Canadian trade deficit widens in June
Canada’s merchandise trade deficit widened to CAD 3.2 billion in June from May’s deficit of CAD 1.3 billion. Exports grew 17.1 percent sequentially, while imports rose 21.8 percent. Compared with their pre-pandemic levels, nominal exports were still down 17.9 percent, and imports stood 14.3 percent below February levels.
Excluding price moves, export volumes rose 10.6 percent, while imports rose 28.3 percent. The big driver on both sides were motor vehicles and parts. This category accounted for around half of the rise in imports, and more than two-thirds of the rise in exports.
Transportation equipment was the other major driver. For exports, metals and non-metallic mineral product shipments surged, with Statistics Canada reporting that exports of gold were an important contributor.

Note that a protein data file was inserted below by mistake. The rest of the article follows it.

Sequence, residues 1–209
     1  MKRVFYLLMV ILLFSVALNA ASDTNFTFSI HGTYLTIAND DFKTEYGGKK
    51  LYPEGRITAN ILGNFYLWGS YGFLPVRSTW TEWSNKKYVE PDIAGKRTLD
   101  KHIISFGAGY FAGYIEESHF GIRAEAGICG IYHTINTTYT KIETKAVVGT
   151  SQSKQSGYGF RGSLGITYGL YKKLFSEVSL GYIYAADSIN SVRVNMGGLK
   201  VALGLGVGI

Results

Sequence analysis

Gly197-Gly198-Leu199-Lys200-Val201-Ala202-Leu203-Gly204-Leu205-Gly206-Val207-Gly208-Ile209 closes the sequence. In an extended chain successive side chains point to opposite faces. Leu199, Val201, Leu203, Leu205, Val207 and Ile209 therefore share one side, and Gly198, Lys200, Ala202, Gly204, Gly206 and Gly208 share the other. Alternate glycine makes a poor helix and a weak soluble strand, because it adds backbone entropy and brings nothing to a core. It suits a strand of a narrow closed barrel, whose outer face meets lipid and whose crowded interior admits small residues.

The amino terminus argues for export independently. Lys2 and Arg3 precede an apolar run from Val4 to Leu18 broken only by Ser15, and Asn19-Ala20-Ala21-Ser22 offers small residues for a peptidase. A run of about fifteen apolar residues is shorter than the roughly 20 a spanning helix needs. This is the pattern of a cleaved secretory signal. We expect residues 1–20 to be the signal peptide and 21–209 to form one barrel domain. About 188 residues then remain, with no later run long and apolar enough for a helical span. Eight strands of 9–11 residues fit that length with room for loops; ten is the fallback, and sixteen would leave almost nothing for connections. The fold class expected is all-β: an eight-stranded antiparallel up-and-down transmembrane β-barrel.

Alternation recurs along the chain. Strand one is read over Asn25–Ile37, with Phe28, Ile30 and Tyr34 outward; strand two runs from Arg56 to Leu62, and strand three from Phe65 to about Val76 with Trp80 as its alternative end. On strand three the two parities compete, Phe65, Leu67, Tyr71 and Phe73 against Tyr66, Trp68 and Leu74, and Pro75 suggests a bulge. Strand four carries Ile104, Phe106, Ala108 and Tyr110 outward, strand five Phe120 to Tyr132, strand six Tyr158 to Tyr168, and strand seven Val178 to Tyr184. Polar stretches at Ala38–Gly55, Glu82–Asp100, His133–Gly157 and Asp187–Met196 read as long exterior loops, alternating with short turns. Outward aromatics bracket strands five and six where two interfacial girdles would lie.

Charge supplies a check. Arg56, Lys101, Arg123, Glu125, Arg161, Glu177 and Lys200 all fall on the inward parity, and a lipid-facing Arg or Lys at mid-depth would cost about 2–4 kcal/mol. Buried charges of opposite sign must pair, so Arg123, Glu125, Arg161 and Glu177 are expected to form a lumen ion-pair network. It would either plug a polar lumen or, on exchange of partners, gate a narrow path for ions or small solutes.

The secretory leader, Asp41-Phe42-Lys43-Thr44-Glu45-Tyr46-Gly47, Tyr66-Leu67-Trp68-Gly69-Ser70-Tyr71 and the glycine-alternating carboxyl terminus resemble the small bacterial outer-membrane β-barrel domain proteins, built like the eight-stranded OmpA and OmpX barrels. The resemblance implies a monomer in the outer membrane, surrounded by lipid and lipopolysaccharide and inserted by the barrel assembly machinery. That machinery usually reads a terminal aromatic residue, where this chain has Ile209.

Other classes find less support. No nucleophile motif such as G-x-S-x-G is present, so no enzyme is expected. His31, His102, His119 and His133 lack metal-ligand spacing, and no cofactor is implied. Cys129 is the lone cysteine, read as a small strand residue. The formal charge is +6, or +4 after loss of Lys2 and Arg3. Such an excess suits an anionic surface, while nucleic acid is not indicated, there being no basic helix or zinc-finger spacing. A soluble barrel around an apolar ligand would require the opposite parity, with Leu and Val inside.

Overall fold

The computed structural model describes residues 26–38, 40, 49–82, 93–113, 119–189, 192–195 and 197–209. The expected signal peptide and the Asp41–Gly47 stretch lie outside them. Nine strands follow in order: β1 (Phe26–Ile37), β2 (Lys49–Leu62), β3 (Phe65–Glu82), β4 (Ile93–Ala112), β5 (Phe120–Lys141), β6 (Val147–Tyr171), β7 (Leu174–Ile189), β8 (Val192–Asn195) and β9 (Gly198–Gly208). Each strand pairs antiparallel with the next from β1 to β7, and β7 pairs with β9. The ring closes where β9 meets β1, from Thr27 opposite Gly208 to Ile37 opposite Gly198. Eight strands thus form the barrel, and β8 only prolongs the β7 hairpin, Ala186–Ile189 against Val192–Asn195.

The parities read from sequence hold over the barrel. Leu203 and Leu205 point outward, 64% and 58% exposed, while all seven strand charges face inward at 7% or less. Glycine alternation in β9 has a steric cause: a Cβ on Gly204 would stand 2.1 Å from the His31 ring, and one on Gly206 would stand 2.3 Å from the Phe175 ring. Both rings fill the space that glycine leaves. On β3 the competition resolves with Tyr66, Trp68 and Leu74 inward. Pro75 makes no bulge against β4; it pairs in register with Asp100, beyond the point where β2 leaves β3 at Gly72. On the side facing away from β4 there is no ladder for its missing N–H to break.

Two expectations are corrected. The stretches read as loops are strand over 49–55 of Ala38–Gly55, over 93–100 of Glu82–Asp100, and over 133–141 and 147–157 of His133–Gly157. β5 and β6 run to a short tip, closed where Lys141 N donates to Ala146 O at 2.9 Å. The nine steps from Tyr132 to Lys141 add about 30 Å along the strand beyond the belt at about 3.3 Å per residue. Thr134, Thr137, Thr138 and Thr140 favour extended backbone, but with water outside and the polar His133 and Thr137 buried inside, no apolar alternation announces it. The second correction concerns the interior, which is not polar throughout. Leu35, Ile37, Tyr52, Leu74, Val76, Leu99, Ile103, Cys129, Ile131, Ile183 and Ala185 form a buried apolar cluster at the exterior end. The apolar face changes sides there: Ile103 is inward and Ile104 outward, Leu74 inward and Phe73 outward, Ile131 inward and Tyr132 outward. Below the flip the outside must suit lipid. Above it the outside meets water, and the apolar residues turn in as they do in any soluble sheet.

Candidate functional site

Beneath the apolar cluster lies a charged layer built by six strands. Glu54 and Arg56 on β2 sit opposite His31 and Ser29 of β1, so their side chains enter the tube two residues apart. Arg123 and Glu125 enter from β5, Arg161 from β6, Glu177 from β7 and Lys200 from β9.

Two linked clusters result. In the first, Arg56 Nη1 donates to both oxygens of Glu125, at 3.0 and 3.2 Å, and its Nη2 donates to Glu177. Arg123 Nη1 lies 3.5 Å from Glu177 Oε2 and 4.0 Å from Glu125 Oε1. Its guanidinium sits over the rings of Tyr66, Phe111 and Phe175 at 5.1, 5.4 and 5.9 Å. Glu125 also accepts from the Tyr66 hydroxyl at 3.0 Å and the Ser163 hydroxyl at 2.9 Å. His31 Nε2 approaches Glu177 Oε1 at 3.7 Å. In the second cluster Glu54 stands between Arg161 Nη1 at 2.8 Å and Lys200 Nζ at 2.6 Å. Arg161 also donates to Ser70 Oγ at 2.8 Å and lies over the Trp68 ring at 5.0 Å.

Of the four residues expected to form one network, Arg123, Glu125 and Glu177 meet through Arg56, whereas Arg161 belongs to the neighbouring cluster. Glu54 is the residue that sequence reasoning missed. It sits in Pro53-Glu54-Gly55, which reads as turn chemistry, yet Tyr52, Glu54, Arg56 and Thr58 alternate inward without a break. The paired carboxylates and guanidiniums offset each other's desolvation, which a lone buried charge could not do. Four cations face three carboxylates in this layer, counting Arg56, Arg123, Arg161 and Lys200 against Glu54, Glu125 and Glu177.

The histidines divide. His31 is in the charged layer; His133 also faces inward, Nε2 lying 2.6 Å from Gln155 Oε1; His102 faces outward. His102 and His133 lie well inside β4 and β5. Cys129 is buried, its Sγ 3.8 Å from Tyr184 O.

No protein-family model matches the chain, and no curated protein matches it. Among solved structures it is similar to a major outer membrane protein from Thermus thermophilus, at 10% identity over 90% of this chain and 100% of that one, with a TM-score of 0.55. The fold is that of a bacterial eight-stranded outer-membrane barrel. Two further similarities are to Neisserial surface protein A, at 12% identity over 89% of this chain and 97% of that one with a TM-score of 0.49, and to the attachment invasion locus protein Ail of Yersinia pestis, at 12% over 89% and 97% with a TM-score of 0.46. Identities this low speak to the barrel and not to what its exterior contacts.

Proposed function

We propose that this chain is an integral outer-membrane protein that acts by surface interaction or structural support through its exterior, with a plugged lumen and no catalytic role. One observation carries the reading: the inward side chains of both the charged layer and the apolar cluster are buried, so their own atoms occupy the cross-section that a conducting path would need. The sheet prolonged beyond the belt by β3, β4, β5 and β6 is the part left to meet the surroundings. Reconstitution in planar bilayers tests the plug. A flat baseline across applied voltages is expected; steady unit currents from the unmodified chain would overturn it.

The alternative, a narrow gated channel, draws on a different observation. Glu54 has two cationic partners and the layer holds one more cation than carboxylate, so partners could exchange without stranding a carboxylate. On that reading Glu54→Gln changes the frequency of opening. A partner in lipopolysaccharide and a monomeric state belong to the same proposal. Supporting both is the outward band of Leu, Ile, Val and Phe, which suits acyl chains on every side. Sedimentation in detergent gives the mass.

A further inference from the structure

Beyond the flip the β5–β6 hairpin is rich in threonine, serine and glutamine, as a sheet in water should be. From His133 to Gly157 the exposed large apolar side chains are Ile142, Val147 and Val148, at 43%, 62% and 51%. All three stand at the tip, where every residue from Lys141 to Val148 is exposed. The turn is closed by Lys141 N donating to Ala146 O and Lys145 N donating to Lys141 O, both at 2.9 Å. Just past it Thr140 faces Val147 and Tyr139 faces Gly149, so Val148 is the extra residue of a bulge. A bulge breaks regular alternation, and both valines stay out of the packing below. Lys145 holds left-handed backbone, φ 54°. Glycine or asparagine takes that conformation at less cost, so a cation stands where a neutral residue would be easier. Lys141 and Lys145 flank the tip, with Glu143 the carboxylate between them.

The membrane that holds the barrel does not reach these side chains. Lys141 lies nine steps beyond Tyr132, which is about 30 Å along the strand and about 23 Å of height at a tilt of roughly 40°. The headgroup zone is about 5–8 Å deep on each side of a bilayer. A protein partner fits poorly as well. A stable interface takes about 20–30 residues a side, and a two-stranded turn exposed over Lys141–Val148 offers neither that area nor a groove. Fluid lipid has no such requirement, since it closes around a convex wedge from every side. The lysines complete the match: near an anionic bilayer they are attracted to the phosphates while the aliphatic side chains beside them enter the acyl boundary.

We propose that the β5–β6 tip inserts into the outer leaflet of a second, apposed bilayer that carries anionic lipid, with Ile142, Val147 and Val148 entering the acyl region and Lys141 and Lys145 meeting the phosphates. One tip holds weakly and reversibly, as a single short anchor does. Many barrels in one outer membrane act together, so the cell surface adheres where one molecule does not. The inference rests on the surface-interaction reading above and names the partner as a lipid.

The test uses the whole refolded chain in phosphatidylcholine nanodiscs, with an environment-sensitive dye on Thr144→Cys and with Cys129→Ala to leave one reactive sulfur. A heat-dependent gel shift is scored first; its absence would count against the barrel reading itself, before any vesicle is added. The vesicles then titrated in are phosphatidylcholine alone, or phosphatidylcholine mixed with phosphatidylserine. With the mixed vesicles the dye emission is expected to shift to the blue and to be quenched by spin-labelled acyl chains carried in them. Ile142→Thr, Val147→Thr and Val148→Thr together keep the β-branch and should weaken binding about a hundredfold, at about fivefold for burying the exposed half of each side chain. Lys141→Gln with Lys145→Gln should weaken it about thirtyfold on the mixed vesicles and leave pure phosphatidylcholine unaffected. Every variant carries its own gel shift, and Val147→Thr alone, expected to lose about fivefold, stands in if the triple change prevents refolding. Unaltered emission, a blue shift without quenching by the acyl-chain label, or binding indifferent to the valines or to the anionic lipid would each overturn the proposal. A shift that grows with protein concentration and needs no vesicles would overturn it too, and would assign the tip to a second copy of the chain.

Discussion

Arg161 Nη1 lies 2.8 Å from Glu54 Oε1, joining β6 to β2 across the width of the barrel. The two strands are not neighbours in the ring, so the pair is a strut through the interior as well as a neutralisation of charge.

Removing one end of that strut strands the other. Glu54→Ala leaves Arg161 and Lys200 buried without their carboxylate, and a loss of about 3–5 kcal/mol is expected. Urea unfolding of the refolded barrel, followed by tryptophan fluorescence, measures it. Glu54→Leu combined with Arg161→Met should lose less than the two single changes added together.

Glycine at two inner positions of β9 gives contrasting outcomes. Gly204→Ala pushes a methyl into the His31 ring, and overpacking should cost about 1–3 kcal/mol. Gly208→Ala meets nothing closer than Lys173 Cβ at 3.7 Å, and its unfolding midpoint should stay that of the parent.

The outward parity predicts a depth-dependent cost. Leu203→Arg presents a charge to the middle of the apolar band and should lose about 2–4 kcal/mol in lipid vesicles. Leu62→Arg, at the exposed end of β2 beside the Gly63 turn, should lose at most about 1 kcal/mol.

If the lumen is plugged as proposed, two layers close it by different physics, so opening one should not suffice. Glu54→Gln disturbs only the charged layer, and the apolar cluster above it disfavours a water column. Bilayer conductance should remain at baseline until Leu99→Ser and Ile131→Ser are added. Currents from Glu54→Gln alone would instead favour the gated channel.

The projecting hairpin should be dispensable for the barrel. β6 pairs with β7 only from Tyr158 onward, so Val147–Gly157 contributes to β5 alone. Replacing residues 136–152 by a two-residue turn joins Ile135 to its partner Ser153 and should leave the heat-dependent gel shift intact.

As pandemic measures continued to ease on both sides of the border, trade with the U.S. normalized slightly in June. Imports from the U.S. rose 28 percent, while exports rose 21.8 percent. Motor vehicles and parts were the main drivers.
Overall, for the second quarter, exports were down 24.7 percent and imports were down 22.7 percent, to levels last seen in 2010 and 2011 respectively.
Like goods shipments, trade in services recorded gains on both sides, with imports leading the way. Imports of services rose 17 percent sequentially in June, aided by imports of travel services. Services exports rose 4.1 percent.